With rates of HIV rising again, the support and education provided by organisations like the Brigstowe Project is more important than ever.

Photos: The Brigstowe Project

“I was stigmatizing my own self, for being positive. I would pick up a cup at home that I’d been drinking out of, wash it, and put it in the cupboard. But I’d think ‘Oh my god, I need to bleach this cup, someone with HIV had a drink from it’… I would bleach the toilet several times before using it because in my head, someone sat on it who has HIV – but that person was me.”

It’s hard to reconcile this image of someone so isolated and distressed with the charismatic, confident man sitting across from me. Hakeem* is in his thirties and Jamaican-born. He was diagnosed with HIV about eleven years ago, and suffered with his diagnosis alone for two and a half years before accessing specialist HIV support from Bristol charity, the Brigstowe Project. That support proved a lifeline.

“I just want to give back so much to people. Everyday I think about newly diagnosed people. If me being a peer mentor can help one or two people have a smooth transition, then it’s worth it.”

Along with the mental distress, poor physical health including spells in hospital had left Hakeem unable to work, which lead to further problems with debt and rent arrears. He was matched with a support worker, who encouraged him to apply temporarily for benefits – something he’d been avoiding, because he didn’t feel comfortable accepting welfare – and soon he could build up his health again, adhere to his medication regime and get back to work.

Within one month of accessing support, Hakeem’s viral load became undetectable, meaning the HIV virus’ level in his blood was minimal and non-transmittable, and it’s stayed that way. Meanwhile, attending the Brigstowe React group, a social group for HIV positive people, helped break down the walls of isolation he had been struggling within which made him “not feel part of society”. It’s why Hakeem now works as a peer mentor at Brigstowe himself.

“I just want to give back so much to people. Everyday I think about newly diagnosed people, the process and how long it can take [to accept]. If me being a peer mentor can help one or two people have a smooth transition, if that makes sense, then it’s worth it.”

Establishing Brigstowe

Hakeem’s story demonstrates the need for HIV specialist support services like Brigstowe. The charity offers a housing-related support service for 24 people at a time, which matches clients with a support worker. ‘Housing-related support’, explains manager Polly Theedom, is “based on a belief that if you have stable housing you can build on that to increase well being in a myriad of ways”. Some people are nominated for places in supported housing, others just need help to maintain their home, finances and health, perhaps after dealing with the shock of diagnosis and its ramifications.

The charity also has a small specific service for migrants and asylum seekers, and a general advice and information service. A new peer support service, Positive Voices, matches newly diagnosed people with a HIV positive mentor.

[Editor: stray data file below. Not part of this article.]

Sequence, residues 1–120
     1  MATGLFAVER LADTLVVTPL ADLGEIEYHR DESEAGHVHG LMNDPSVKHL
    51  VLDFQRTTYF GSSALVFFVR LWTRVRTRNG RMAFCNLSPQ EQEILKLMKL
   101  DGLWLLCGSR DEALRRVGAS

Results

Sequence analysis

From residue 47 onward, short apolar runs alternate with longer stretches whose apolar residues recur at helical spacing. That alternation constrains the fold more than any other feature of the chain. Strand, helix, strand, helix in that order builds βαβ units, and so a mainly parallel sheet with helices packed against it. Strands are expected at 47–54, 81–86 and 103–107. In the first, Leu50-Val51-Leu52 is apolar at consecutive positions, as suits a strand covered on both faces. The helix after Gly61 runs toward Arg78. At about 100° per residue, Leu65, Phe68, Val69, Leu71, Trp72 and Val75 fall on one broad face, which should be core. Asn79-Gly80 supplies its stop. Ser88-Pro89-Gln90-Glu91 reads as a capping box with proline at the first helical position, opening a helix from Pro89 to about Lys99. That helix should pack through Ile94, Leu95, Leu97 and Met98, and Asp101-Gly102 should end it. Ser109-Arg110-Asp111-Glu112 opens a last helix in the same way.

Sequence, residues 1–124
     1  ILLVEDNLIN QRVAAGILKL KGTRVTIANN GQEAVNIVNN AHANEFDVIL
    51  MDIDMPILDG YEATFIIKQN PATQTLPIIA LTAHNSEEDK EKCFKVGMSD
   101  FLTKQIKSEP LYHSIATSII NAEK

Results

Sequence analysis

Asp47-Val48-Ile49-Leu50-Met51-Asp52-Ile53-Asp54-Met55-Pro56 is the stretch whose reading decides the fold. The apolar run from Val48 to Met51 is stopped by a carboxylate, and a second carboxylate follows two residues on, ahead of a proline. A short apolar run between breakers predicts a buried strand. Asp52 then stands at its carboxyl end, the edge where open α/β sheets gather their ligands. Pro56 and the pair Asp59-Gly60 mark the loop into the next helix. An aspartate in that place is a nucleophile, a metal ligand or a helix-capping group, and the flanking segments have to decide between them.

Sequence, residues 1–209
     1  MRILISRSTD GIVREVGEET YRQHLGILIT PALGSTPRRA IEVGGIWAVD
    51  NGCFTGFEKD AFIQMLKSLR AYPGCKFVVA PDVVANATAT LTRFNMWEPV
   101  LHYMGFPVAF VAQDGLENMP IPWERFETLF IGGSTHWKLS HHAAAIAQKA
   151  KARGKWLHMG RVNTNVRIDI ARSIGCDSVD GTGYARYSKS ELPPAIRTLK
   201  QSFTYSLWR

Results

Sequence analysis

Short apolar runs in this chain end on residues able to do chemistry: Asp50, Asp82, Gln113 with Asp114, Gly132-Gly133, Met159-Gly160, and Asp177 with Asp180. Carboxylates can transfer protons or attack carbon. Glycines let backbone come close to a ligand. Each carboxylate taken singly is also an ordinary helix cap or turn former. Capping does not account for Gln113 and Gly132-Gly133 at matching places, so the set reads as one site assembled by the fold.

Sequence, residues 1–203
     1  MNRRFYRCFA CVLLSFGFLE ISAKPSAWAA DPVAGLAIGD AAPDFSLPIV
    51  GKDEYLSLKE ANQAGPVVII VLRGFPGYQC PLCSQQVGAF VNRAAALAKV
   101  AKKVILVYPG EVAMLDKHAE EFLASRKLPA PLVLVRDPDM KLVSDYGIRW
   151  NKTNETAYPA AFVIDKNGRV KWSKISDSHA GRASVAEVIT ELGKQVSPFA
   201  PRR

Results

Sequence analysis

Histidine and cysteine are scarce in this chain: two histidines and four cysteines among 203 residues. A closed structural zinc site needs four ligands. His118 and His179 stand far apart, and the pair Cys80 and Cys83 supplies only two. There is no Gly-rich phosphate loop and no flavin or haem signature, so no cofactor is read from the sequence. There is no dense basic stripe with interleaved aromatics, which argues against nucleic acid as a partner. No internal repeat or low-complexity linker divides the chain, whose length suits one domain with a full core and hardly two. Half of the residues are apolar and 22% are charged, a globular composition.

Brigstowe was founded in 1995, when Bristol Churches Housing Association (now renamed Places for People) identified a gap in provision for people living with HIV. The circumstances were quite different, remembers Elinor Harris, who was the HIV development worker recruited for the BCHA project at the time of its inception: “People were becoming very ill and often very disabled very quickly, and it was assumed that most people would die in not a great time span.”

The Brigstowe Project team.

The Brigstowe Project team.

Elinor found she struggled with how to deliver the project at first: “I realised it was because I didn’t feel I had a mandate, because there hadn’t been much consultation with people living with HIV.”

They took the project back to the drawing board, asking people what they really needed, and the results were hugely varied. The overarching request was for a small, confidential service – separate from BCHA, the size of which made people feel nervous to disclose their status. They wanted a service which could act as an intermediary between themselves and others, such as landlords, employers, or social services, and that would understand and support people’s HIV-related practical and emotional needs without judgement. The Brigstowe Project was born.

Despite the relentless tragedy that characterised the early years, there were stories which showed that the right support and the right time could turn someone’s situation around. Elinor recalls one client who presented to the organisation as homeless, penniless, very ill and separated from her children. After two years in her supported housing, Brigstowe learned that neighbours had complained that the woman was “supposed to be disabled” but, “I’ve just seen her and her kids zooming past on rollerskates, shrieking at the top of their voices”.  Elinor was elated: “For me, that was like, ‘It works, it works!’ – two years ago, she could hardly stand up, never mind roller skate. I thought, ‘She’s free.’”

HIV, then and now

The Brigstowe project has now been running for over 20 years, within a changing landscape of public perception of HIV and government funding for related services. In terms of the former, the currently rising rates of HIV diagnosis have emerged in a context where continued stigma has met a certain complacency.

The AIDS crisis in the eighties and nineties led to publicity campaigns which succeeded in driving the safe sex message home, but no doubt contributed to the horrific discrimination levied at HIV positive people and which persists today. As HIV became known as a long-term health condition that could be managed through medication, everything went comparatively quiet – and rates rose again.